Table 3 OLS regression: Is subjective well-being affected by income comparisons?

We calculated omega-squared as a measure of effect size.Footnote 17 We discuss only variables showing an omega-squared of at least 0.01, which is considered a small effect. Everything below that threshold is regarded as negligible. Such a negligible association is, for example, the association of subjective well-being with being a female respondent. The associations between subjective well-being and the covariates are relatively small, but this is typical for variables explaining subjective well-being.

All income comparison patterns, except for non-comparers, are negatively related to the level of subjective well-being (see Table 3, model 1). This means that respondents who said they did not compare their incomes are predicted to report higher levels of subjective well-being. As pointed out by Alderson and Katz-Gerro (2016: 37) and Clark et al., (2013: 16), the more important it is for individuals to compare themselves to others, the less satisfied they are with their lives.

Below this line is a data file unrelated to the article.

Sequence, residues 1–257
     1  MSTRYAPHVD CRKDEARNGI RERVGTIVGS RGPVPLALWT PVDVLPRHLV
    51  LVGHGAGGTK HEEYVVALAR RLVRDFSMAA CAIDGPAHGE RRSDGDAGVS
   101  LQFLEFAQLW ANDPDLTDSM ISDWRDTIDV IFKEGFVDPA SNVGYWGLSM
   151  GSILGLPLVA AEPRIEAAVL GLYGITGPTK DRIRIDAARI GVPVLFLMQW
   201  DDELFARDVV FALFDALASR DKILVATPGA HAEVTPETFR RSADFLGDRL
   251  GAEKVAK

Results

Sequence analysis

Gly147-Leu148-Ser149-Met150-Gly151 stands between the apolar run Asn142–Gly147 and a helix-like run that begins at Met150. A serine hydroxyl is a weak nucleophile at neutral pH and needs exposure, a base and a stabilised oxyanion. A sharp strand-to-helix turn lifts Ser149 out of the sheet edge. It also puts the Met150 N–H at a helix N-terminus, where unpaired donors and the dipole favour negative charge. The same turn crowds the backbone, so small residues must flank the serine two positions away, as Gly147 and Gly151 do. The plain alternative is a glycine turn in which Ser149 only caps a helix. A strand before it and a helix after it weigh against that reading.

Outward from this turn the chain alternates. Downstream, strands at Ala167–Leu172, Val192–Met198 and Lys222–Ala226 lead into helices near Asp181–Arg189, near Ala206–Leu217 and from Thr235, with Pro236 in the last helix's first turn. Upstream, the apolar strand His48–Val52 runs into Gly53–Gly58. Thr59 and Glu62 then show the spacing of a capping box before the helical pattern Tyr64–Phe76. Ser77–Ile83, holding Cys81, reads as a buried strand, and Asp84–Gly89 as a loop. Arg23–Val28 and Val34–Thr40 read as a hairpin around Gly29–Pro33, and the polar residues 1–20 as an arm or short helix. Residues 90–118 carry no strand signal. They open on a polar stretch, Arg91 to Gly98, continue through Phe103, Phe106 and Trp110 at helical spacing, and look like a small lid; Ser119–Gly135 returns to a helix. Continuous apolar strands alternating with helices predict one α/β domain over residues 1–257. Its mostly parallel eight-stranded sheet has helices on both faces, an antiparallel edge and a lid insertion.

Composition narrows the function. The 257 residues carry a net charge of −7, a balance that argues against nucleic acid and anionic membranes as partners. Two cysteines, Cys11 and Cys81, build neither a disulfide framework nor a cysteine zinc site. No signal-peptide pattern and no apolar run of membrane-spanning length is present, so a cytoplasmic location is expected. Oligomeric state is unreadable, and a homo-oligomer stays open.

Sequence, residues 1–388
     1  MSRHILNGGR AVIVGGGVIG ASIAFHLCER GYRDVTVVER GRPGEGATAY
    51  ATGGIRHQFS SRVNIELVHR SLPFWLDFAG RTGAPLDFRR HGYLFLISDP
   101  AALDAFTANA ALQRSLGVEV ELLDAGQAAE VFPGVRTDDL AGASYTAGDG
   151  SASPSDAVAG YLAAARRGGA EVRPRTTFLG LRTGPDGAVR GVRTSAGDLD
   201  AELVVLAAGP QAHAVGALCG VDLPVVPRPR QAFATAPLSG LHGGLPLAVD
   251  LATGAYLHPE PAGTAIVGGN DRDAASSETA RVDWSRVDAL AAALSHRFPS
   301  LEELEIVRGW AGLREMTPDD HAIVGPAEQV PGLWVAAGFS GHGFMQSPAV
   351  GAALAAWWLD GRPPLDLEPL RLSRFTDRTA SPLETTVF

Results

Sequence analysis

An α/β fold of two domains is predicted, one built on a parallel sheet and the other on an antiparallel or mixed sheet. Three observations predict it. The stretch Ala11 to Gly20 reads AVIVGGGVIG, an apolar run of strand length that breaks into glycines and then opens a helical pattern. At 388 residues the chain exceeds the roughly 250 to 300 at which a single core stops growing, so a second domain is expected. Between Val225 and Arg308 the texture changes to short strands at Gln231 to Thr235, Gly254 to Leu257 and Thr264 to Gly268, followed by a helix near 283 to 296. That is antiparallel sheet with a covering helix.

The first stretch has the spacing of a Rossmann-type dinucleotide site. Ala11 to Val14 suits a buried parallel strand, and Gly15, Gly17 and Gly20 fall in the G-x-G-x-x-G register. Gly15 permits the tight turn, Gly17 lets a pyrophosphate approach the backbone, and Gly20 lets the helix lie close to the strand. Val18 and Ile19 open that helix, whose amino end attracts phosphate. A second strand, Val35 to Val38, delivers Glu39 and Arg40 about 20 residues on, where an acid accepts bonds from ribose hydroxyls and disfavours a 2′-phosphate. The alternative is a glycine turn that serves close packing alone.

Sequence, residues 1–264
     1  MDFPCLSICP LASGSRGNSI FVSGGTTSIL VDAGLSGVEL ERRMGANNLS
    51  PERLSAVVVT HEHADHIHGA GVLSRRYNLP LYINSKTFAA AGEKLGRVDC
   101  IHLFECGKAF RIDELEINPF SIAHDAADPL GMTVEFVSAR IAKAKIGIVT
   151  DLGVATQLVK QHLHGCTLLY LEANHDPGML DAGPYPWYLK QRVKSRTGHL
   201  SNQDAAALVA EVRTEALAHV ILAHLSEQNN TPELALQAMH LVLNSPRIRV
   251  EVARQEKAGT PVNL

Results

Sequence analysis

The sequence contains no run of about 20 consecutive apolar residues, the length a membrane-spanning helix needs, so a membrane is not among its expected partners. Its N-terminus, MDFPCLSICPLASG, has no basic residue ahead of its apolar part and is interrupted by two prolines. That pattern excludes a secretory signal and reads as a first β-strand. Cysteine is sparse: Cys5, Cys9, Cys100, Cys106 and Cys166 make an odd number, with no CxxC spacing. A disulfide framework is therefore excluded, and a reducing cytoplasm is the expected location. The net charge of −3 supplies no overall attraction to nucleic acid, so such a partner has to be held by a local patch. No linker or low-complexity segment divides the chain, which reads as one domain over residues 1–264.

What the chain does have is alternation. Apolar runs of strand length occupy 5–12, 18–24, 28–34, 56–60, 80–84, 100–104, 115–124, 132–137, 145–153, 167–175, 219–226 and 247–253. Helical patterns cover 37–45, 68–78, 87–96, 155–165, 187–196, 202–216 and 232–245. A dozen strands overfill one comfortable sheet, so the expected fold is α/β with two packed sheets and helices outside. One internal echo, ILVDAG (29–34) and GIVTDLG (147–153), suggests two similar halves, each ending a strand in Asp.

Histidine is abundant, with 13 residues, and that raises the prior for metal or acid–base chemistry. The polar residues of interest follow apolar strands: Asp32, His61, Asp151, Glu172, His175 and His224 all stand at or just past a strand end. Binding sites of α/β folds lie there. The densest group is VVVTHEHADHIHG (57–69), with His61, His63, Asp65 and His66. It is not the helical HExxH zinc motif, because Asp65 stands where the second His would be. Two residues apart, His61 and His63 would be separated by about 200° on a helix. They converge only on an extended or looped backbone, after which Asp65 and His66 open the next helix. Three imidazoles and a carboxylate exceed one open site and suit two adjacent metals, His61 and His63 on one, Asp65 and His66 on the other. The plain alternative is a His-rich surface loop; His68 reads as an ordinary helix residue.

Among those who compare their income to others, upward comparers are least satisfied with their lives. They have the largest negative coefficient among the comparison patterns. In model 2, we run a regression without the non-comparers. This model underlines once more the negative implication of comparing upwards. For those who compare at all, horizontal and fuzzy comparisons are more favourable than upward comparisons, which are negatively linked with subjective well-being. Thus, negative emotions such as envy may outweigh the positive effects of upward income comparisons (Clark & Senik, 2010: 591). Usually, in low-income countries, the signal effect dominates over the envy effect, and in high-income countries, it is the other way round (Brockmann & Yan, 2013: 142–143). Our results underline that a student sample in an upper-middle-income country like Thailand is comparable to developed countries. Leites and Ramos (2022: 21) confirm for another middle-income country (Uruguay) that envy dominates the signalling effect.

Collectivistic societies, such as Thailand, often display low social/occupational mobility (Hofstede, 2001: 118, 244 ff.; Hofstede et al., 2005: 119). Therefore, upward income comparisons may not result in a signalling effect or be viewed as information for self-improvement. Instead, looking upward causes frustration if the respondents do not see the possibility of future social advancement. The positive sign of the horizontal comparer pattern indicates conforming and reassuring effects.